I'm trying to back up a Mac for a friend who moved and left her 2020 iMac 27 (Intel) with me. She is having me send her the data from it and then sell the Mac. The 1TB SSD iMac hard drive is in APFS format. I'm backing up to a Seagate (ST2000LX001) FireCuda 2TB Solid State Hybrid Drive in a USB-C external enclosure.

Things I've tried:

  1. Created external drive as APFS and used Time Machine to back everything up. I tried to open it on an older (2017) Mac like her MacBook Air that she took with her. I don't see the drive as there at all. It does not mount.

  2. Started over: Created external drive as Mac Journaled Extended and used time machine. The older Mac sees/mounts the disk but all the user files are locked (see pic & seem to be empty)

    enter image description here

  3. Created external drive as FAT. Then, I used Finder to just copy the user directories in /Users one at a time. Takes hours and invariably fails to complete. Some error happens hours into copying and it terminates the copy process with no hint as to what got copied and what didn't.

I either wind up with a drive that old Mac computers can't read, a drive that they can read but not see anything, or a partial copy.


What I'd really like to do is:

  1. Go into terminal
  2. Sudo to root
  3. Issue some command that copies everything to the external drive ignoring errors and does so without carrying over the macOS authentication scheme.

So I'd just wind up with an external drive full of her and her family's data that they could easily access without having to deal with permissions nonsense.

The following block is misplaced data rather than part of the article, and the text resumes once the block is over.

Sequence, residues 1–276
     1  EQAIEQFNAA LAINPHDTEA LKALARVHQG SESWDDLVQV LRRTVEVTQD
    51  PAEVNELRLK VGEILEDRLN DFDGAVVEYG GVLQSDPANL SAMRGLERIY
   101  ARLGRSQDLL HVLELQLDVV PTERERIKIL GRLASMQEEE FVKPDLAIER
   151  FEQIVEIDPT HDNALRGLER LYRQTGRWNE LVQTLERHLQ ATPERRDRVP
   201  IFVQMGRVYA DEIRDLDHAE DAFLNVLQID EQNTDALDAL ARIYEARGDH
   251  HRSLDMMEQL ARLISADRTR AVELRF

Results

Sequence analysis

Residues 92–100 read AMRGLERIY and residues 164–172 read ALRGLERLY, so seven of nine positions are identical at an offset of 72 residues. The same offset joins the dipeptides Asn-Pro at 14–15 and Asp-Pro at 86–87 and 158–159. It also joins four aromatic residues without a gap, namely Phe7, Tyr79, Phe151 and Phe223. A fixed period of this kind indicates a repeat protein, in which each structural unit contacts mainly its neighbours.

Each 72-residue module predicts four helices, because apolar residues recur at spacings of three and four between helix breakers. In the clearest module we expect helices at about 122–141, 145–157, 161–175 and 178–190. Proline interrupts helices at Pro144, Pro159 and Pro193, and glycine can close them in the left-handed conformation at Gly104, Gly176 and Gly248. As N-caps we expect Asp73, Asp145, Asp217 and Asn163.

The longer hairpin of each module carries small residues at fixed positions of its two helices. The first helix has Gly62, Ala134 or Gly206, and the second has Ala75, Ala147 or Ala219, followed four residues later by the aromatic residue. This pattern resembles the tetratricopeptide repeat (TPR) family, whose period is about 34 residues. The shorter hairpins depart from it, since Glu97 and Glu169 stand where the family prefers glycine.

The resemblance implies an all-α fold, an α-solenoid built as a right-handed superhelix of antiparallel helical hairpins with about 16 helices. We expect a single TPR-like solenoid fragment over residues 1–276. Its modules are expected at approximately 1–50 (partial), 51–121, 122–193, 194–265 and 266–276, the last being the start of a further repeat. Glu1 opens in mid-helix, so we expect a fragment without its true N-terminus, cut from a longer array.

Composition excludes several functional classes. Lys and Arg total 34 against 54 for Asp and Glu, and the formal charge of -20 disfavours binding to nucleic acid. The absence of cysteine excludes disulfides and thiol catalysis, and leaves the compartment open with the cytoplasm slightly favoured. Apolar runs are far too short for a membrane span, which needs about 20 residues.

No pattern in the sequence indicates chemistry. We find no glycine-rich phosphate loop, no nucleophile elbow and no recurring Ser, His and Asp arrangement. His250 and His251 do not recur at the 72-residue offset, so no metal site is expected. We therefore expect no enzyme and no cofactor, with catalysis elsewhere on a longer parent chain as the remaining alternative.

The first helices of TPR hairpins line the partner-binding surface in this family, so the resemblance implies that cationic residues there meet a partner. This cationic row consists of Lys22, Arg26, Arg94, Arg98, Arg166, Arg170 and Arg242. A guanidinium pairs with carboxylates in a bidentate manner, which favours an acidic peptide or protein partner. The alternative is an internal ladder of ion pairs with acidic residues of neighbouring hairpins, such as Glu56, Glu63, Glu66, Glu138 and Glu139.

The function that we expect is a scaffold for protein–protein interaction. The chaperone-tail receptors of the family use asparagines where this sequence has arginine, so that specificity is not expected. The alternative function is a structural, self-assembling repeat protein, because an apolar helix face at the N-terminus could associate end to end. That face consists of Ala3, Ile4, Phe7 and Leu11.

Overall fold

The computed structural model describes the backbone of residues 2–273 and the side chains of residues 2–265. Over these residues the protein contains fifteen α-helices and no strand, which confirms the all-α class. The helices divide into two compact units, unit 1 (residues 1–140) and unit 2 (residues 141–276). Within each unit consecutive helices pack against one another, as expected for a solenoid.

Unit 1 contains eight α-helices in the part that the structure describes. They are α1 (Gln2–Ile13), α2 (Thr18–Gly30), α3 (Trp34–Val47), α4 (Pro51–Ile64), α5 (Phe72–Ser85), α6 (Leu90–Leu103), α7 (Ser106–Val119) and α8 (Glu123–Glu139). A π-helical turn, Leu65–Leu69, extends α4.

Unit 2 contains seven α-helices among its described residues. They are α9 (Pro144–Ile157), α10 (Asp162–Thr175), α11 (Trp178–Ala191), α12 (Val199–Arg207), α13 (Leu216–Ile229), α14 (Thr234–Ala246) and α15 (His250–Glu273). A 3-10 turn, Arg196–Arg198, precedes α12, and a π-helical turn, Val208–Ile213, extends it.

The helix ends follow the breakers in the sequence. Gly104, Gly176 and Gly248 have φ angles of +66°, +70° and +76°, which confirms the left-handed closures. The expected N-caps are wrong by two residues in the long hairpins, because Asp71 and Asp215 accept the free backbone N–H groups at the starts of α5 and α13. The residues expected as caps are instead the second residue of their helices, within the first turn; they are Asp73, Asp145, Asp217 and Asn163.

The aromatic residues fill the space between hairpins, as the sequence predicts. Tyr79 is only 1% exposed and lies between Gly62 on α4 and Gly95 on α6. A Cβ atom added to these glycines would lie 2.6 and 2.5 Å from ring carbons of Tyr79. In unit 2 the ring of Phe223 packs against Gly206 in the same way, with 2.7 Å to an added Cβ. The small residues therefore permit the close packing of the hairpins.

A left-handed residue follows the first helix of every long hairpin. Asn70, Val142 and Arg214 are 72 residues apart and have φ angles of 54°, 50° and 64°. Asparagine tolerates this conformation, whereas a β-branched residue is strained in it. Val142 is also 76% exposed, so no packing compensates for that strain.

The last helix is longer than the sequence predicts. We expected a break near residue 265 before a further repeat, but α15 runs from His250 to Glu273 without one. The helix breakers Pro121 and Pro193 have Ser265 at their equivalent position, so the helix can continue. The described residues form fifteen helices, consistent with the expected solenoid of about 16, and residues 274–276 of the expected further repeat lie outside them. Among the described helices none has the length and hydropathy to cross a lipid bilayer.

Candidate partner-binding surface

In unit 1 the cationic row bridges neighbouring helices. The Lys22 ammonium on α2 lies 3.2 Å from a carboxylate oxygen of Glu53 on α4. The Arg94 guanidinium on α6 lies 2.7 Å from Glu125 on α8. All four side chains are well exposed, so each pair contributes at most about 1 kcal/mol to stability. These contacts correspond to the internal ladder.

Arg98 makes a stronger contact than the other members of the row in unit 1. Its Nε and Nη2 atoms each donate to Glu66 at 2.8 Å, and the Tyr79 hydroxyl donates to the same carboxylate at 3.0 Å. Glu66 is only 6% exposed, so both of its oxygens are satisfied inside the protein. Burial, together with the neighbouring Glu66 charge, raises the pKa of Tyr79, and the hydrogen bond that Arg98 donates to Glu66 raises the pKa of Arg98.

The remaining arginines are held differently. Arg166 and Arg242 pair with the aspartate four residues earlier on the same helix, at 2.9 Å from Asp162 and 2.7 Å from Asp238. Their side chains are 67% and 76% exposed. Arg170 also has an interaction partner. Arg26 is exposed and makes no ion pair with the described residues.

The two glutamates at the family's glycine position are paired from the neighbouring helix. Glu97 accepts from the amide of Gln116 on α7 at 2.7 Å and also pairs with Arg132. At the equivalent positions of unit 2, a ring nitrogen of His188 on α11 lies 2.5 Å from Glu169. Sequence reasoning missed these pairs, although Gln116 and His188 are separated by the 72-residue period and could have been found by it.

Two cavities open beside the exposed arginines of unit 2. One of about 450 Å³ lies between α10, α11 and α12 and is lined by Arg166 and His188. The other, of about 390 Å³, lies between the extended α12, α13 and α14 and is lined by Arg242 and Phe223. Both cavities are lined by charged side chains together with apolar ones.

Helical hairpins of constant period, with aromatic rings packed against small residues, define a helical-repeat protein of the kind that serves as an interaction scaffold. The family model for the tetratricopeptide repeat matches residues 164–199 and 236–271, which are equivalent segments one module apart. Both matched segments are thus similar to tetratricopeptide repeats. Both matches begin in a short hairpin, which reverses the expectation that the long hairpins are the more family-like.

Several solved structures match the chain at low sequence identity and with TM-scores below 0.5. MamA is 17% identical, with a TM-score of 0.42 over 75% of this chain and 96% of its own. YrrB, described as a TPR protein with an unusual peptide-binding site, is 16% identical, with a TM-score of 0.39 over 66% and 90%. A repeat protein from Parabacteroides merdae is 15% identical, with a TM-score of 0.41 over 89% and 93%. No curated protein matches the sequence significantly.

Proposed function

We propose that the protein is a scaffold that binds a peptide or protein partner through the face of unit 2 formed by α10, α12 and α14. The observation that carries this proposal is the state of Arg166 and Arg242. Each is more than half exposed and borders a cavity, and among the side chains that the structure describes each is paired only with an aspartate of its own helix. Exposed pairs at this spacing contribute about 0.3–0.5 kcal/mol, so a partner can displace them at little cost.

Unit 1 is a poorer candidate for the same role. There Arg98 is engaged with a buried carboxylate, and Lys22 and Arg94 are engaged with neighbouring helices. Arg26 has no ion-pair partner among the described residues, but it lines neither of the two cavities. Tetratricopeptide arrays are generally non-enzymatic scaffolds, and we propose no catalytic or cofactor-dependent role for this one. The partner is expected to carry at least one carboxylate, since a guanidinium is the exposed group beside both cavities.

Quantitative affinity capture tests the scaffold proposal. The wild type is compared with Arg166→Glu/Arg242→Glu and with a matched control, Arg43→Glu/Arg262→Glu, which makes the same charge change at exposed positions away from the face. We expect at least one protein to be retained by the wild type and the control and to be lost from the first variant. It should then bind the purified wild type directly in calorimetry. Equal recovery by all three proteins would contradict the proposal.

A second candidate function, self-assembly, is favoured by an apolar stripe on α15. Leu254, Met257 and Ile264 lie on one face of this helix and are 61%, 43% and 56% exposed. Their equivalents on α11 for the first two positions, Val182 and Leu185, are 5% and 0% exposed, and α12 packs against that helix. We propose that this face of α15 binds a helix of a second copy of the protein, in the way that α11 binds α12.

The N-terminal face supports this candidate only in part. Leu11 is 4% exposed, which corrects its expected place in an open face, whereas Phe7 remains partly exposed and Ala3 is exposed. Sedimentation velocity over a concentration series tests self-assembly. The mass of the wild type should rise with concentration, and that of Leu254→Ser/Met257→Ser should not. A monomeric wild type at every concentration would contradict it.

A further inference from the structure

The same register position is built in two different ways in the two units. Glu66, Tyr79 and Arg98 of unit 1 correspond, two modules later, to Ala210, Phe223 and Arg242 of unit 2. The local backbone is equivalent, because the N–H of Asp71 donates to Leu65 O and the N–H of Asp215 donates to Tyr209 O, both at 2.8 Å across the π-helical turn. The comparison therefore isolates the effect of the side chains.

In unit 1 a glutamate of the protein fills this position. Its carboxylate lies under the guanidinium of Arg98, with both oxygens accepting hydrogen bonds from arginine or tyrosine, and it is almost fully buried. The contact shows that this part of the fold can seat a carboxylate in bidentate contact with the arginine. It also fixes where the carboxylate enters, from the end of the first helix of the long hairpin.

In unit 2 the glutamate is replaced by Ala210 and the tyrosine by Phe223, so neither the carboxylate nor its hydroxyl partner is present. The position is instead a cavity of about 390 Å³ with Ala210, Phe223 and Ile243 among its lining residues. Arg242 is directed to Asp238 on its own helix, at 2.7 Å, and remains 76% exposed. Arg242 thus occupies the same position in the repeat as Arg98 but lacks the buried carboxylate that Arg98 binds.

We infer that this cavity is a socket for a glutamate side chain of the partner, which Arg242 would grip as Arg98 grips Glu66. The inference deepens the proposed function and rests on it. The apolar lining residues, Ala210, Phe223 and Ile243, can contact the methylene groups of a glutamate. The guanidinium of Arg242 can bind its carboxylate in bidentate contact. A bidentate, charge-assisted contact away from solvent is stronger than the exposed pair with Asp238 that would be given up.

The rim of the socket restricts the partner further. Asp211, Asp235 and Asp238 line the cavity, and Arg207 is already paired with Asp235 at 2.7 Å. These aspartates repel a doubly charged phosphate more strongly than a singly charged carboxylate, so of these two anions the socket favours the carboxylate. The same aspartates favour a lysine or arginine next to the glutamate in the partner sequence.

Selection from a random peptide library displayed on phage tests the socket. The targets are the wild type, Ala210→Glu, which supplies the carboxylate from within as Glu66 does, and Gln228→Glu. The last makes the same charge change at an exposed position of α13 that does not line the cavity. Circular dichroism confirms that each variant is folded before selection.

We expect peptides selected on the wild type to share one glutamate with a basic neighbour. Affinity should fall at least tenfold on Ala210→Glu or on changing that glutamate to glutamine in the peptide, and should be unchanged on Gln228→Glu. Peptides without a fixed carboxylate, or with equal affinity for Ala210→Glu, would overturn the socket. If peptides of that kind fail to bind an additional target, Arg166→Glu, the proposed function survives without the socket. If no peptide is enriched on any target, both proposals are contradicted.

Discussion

What is the best way to achieve this?

  • Mac I'm backing up is 2019 Retina 5k 27" running Big Sur
    – fbonds66
    Apr 17, 2022 at 17:35
  • missing screenshot ibb.co/HBfPvNL
    – fbonds66
    Apr 17, 2022 at 17:38
  • 2
    This is an excellent example of an XY problem, you’re asking how to attack only a portion of the larger problem. Who has permission issues and what OS is going to do the reads? I’ll make a general answer, but there’s a lot not clear yet - keep on editing and if possible, use the native image tools for stack exchange. You can’t edit this too many times as we narrow what you need to learn or get for this to work
    – bmike
    Apr 17, 2022 at 17:54
  • I disagree with the XY problem comment. I’m perfectly clear what I want to do and why it makes sense to do it. The problem statement details what is immediately available in the MacOS to extract the data to disk and how that doesn’t accomplish my goal.
    – fbonds66
    Apr 18, 2022 at 13:50
  • 1
    Do you need a backup of the whole drive or just the user content in /Users? Looking at your attempt you just need /Users, so I would format an external SSD drive with APFS and then just use rsync or ditto to copy everything.
    – nohillside
    Aug 3, 2022 at 16:55

3 Answers 3


Let’s see if we can address the issues and help you go forward. I’m going to address this in the order presented.

  1. Time Machine on an “older” Mac. It’s not so much that the Mac is older, it’s the version of macOS that’s not compatible with an APFS container. The Mac needs to be running High Sierra or newer.